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Jays trade pitcher who wanted to stay

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You have to wonder sometimes if Toronto Blue Jays management has any idea what it’s doing.
The current regime of president and CEO Mark Shapiro and general manager Ross Atkins have made some dubious decisions in their time with the Jays and another was made, Sunday, when they sent their best pitcher, Marcus Stroman, to the New York Mets for a pair of pitching prospects.
Stroman was a shining star on a bad Jays team. His 2.96 ERA was fifth in the American League and 12th in all of baseball.
Not bad for a pitcher on a team with a 40-67 record.
With the trade of leadoff hitter Eric Sogard earlier on Sunday, a spot opened up for blue-chip prospect Bo Bichette, who was called up from AAA Buffalo.
So all of the Jays’ top prospects are now in the bigs, where they will learn on the job.
Which is fine.
But you need veteran support to provide leadership and help instill some confidence in the youngsters.
And yes, the Jays will get that from players such as Freddy Galvis, Randall Grichuk and Justin Smoak.
But nothing builds confidence like winning and Stroman gave the Jays the best chance of doing that every time he took to the mound. As a 28-year-old who hasn’t hit his prime yet, Stroman seemed like the perfect pitching ace to lead this Jays rebuild into the future.
Stroman loves Toronto and he loved being part of the Jays organization. And he showed his love for the city by getting the Toronto skyline tattooed on his abdomen.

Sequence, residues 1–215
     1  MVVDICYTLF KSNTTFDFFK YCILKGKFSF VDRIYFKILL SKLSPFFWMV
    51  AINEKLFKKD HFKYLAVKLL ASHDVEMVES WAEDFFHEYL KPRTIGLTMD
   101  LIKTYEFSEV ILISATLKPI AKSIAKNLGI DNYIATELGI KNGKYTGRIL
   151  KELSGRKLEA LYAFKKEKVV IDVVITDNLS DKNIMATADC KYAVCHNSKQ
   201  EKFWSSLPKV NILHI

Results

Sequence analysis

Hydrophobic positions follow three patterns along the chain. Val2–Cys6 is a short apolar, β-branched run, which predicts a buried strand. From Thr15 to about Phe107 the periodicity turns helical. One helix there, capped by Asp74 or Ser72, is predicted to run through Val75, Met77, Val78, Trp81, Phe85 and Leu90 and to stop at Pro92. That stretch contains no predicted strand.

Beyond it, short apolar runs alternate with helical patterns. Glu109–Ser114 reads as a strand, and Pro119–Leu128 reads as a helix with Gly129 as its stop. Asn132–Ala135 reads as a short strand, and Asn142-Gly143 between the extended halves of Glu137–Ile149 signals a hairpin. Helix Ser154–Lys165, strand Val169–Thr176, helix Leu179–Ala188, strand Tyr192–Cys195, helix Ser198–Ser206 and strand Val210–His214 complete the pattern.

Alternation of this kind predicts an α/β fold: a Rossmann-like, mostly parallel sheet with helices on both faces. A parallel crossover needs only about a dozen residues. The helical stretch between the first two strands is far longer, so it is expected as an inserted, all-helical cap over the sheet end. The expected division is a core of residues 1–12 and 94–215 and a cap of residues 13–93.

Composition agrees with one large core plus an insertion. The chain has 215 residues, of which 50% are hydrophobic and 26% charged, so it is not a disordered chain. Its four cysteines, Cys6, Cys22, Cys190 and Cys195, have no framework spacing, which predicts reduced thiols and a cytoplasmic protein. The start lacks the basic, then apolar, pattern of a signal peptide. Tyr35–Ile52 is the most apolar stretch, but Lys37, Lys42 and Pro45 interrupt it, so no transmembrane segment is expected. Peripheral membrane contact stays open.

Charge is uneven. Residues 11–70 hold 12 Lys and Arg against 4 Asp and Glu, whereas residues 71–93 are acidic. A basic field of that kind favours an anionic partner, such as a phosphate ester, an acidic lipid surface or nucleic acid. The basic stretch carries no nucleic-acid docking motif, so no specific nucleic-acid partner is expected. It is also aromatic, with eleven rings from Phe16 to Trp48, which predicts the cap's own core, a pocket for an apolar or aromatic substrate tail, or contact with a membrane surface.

Reports that I’ve read indicate the two pitchers the Jays got in return are projected to be back of the rotation starters, if they make it to the Majors.
I wonder if that is enough of a return for a pitcher of Stroman’s caliber.
Most pundits say the Jays have a bright future with the likes of Vladimir Guerrero Jr., Cavan Biggio, Lourdes Gurriel Jr., and now Bichette. That much is true. But that future is a bit dimmer without Stroman.
•••
The ice is in at Credit Union Place. Which means hockey season is not that far away.
The Manitoba Junior Hockey League hosted its annual prospect development camp, July 25 to 28 in Winnipeg, where 76 players put their skills on display.
But there was more for the 16-and-17-year-old players to take in.
The weekend included off-ice testing, player development seminars and hot stove sessions.
The on-ice skill sessions were led by J.P. Vigier of Vigier Hockey, Jon Cara of TheRINK and Alfie Michaud, assistant coach with the University of Maine Black Bears.
At the hot stove sessions, players had a chance to listen to guest speakers Barrett Leganchuk, scouting co-ordinator for the Winnipeg Jets; James Patrick head coach of the Western Hockey League’s Winnipeg ICE; Eddie Olczyk, assistant coach with the NCAA’s Bemidji State Beavers (not the former NHLer); Vigier, a former Portage Terrier and Atlanta Thrasher; and Zach Whitecloud, a former Virden Oil Capital and Vegas Golden Knights prospect.
The Dauphin Kings had a handful of players attending the camp and it will be interesting to see how the camp helped with their development.

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Doug Zywina
REPORTER